I EARLY observed, that in the different ranks which had sprung up under the influence of war-making wealth, no one rank was willing to throw its interests into the common stock, and act in concert with another for the public benefit. In every rank there were a few honourable exceptions; but these were marked for death, banishment, or for ruin if they had property, wherever the power of the enemy could reach, or bring pretended friends to desert or betray them.
The demands of the popular leaders of that day, were, for a bill to regulate places, one to regulate pensions, and one to make the servants of the crown more responsible. Had Grattan produced drafts of these bills, instead of that of the insurrection bill, by which he pointed out to ministers, at a later period, how to tie the people’s hands, he might have done a little good. But Grattan was with a party, not with the people, though he took the test of the United Irishmen from Mr. Samuel Neilson, and the rules of the society from its founder. The knowledge he gained is displayed in the bills which originated with him, when he declared in Parliament, that Ireland required a strong government; for a French party existed in the country. The wounds he had inflicted on faction with his tongue, he healed with his pen, when he drew the gagging bills for his country, and thereby made his peace with the high priests and ministers of despotic power; but it is hard for me to note the recollections of fifty-seven years without digression, or be correct in dates. I must only follow my recollection as matters strike me.
Grattan declared, in the House of Commons, that they might as well stamp on the earth to prevent the rising of the sun, as think to prevent the eventual parliamentary independence of Ireland, when he saw their drift was a Legislative Union, which, he said, would terminate in a total and perpetual separation after two civil wars. How far he contributed to their success in the first civil war, it is difficult to say. The conduct of public men, of popular men in those times, convinced me, that so long as men of rank and fortune lead a people, they will modify abuses, reform to a certain extent, but they never will remove any real grievances that press down the people.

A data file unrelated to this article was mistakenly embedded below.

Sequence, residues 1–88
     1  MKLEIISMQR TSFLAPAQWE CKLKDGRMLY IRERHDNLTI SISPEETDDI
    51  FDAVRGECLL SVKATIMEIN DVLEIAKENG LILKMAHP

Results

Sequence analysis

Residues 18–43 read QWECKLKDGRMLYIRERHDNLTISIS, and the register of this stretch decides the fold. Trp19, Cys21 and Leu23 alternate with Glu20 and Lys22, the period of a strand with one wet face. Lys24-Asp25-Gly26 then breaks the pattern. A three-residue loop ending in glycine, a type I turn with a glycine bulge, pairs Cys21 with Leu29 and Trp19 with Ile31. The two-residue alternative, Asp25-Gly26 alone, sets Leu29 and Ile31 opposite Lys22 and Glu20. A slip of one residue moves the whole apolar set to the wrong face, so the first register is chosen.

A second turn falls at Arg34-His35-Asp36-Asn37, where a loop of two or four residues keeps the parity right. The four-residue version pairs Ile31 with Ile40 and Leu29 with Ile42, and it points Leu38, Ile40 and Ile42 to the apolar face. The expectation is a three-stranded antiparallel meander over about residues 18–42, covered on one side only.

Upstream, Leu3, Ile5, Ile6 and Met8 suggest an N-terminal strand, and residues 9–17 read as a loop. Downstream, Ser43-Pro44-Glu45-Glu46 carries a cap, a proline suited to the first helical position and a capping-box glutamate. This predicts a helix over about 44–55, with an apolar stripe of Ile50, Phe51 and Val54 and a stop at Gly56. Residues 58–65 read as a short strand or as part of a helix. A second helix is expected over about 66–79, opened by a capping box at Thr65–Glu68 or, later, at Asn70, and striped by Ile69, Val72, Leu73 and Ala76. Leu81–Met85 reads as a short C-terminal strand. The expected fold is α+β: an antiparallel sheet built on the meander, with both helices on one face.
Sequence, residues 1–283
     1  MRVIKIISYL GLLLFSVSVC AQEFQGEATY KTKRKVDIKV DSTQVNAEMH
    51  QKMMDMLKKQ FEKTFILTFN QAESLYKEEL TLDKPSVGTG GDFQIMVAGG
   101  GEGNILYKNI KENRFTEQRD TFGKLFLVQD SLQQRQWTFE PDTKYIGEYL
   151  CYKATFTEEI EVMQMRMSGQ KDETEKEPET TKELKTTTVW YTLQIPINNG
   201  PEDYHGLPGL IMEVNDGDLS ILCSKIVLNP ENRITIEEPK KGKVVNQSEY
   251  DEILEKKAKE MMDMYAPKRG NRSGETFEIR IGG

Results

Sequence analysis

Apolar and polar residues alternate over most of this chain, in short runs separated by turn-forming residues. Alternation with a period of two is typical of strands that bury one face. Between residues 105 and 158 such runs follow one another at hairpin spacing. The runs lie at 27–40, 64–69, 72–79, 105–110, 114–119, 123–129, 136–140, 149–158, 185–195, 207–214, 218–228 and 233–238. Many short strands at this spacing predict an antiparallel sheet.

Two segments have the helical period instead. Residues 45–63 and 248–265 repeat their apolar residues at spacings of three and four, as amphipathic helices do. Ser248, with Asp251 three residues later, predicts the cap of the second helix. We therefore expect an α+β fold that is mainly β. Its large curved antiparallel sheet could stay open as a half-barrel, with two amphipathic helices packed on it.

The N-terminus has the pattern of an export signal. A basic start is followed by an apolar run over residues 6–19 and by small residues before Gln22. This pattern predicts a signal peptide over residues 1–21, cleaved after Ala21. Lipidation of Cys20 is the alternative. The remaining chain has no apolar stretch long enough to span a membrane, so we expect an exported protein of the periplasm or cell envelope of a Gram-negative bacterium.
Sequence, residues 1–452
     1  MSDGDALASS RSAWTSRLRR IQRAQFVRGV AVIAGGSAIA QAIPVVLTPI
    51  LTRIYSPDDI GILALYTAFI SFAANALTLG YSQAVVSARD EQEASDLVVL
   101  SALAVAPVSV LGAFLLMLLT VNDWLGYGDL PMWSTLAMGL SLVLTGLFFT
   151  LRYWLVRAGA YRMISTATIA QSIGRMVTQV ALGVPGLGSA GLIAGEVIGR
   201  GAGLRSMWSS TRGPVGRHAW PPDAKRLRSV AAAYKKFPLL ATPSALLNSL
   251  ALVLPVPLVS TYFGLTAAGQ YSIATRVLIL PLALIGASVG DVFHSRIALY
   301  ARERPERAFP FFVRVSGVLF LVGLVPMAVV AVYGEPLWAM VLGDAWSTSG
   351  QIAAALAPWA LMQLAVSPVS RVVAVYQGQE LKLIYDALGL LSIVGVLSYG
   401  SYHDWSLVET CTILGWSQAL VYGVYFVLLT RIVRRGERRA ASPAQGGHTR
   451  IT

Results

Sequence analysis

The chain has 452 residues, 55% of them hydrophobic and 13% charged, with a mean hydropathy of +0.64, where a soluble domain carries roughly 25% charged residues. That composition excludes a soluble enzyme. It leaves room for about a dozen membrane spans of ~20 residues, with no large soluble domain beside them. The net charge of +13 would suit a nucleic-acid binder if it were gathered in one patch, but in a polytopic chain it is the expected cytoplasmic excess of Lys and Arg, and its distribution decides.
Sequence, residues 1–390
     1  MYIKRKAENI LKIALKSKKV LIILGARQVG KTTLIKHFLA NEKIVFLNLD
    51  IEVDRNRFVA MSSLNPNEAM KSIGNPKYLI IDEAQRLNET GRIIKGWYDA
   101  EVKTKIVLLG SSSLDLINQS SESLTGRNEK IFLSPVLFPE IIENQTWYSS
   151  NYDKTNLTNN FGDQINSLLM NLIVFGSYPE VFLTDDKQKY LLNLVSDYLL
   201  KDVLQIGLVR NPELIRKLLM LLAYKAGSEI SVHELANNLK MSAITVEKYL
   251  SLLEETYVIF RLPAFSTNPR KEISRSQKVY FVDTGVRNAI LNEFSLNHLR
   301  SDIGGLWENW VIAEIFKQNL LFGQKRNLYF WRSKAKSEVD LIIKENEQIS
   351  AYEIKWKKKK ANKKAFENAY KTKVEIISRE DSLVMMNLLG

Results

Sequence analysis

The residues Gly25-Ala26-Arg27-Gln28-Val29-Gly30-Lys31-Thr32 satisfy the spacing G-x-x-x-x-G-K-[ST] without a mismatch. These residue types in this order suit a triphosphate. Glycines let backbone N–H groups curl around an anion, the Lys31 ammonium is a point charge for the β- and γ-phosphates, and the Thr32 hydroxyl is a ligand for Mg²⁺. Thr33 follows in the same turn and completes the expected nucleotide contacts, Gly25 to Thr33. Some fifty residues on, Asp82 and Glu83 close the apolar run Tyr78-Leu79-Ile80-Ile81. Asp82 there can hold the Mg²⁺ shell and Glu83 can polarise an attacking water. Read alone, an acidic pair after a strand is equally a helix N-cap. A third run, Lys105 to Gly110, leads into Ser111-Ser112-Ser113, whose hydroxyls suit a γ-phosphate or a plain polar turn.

It was either in the year 1790 or 1791, that the Belfast Battalion of Volunteers, with the sovereign, Stewart Banks, at their head, first celebrated the taking of the Bastille, on the 14th of July, and next year a review of the Volunteers took place for the same purpose: the company to which I belonged, marched into the field in coloured clothes, with green cockades. We had a green flag, bearing for a motto, on one side — ‘Our Gallic brother was born July 14, 1789. Alas! we are still in embryo;’ and on the other side — ‘Superstitious galaxy;’ ‘The Irish Bastille — let us unite to destroy it.’ These are the words, though somewhat varied by a writer of a History of Belfast; and I have a better right to know them, being the one who dictated them, and my brother-in-law, Luke Mullan, painted them on the flag.
Mr. Neilson’s incarceration, and the destruction of his printing materials, left the venal press in quiet possession of the agricultural interest, which had not then emerged from the cupidity of former ages, when every man looked into his neighbour’s field, and wished he could annex it to his own. — The higher classes of the old Volunteer officers abandoned their corps, and began to yawn for rank in a mercenary militia.
There are circumstances which should be kept always before one connected with the events of 1798; to which their production is mainly to be attributed. As a people, we were excluded from any share in framing the laws by which we were governed. The higher ranks (in which there never was, nor never will be a majority of honest-principled men) usurped the exclusive exercise of that privilege, as well as many other rights, by force, fraud, and fiction. By force the poor were subdued, and dispossessed of their interests in the soil; by fiction the titles of the spoilers were established; and by fraud on the productive industry of future generations the usurpation was continued.